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Meet Raymond McMillan of Hyperfex in Lincoln Park

Today we’d like to introduce you to Raymond McMillan.

So, before we jump into specific questions about the business, why don’t you give us some details about you and your story.
I always knew that I was not going to ever be the garden variety filmmaker. I went to school for film, learned as much as I could about the medium and while I continue to learn from incredible filmmakers – past and present – I wanted to blaze new trails as a way of piercing a great landscape of endless possibilities.

I started Hyperfex so that I could produce the kind of film content I wanted to see on screens, big and small and to bring them to the public my way. My plan all along was to create content that was both informative and entertaining at the same time; informational entertainment derived from issues that we are currently facing today.

I was also looking to create films that were quite a bit more diverse than the usual fare being turned out by Hollywood film makers. Shifting demographics are hard to ignore and yet I felt as though, Hollywood was slow to embrace the winds of change.

We’re always bombarded by how great it is to pursue your passion, etc – but we’ve spoken with enough people to know that it’s not always easy. Overall, would you say things have been easy for you?
In pursuit of my film career, I knew that to get from where I was standing to where I wanted to eventually be, I was going to have to jump off of the proverbial ledge. The decision to jump was not an easy one but I did it and I haven’t looked back.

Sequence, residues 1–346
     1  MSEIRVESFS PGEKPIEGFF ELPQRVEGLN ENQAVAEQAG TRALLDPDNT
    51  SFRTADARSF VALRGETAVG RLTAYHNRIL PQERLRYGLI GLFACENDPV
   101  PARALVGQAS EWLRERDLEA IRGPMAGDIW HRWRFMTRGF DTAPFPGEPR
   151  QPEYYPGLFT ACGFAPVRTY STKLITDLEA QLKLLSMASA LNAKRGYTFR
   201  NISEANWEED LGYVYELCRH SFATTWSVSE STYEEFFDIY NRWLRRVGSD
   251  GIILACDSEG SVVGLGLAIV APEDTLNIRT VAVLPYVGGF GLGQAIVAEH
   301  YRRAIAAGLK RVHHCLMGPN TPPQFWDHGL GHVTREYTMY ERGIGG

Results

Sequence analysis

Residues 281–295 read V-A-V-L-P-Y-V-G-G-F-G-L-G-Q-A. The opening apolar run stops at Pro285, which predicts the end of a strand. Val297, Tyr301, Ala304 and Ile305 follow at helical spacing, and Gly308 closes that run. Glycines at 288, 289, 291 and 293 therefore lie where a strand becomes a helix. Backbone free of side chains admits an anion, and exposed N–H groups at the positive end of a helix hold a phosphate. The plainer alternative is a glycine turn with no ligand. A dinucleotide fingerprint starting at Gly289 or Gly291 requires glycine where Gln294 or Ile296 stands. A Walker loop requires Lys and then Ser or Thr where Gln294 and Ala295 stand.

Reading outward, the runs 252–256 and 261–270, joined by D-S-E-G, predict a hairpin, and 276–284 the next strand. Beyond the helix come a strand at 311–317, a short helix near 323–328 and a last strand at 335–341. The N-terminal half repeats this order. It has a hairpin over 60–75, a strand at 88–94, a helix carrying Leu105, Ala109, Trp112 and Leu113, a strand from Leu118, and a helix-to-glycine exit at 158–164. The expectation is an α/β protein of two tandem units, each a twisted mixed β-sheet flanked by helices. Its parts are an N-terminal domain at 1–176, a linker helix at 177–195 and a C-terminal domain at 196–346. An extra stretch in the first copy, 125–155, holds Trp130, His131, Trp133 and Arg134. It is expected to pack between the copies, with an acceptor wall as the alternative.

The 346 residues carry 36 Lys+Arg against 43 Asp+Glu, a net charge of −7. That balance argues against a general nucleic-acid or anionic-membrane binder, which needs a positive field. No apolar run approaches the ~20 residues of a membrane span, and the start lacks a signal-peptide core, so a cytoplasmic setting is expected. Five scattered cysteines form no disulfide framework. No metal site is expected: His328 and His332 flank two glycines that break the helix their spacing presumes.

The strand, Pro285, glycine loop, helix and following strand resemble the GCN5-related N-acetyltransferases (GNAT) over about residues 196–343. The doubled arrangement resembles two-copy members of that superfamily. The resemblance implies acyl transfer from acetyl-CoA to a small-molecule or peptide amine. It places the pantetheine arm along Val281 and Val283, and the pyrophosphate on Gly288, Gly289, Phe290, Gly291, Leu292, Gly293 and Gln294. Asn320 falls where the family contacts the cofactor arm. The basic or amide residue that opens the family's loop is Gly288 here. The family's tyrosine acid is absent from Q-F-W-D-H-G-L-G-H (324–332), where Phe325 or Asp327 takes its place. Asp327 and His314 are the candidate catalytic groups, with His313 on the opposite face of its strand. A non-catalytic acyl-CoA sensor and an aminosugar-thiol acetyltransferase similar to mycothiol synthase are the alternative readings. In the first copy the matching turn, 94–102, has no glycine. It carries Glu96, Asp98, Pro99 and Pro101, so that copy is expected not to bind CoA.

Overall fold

In our first go at the feature film market, obstacles were plentiful and time was not very kind to us. It was a long, tedious, complicated process and each set of challenges we overcame were met by larger challenges. If finding locations wasn’t complicated enough, it was editing and sound design and eventually putting money into festivals. Hyperfex completed a first feature – which included working with more than 65 incredibly talented and dedicated individuals. In the end, we were all proud of the work we put into “Snakebite Protection Chronicles”.

After Hyperfex got a physical space – a small studio in the North Clybourn corridor, we found creative ways to turn a small studio space into usable sets. Aside from budgetary considerations, creating sets in house rather than scout locations (a pretty taxing endeavor) was still incredibly challenging as a small studio only yields small set ups… but with the help of a very creative group of individuals, we were able to overcome these challenges. We are on the move now with a four vignette project and two web series that deal with a range of thought-provoking issues.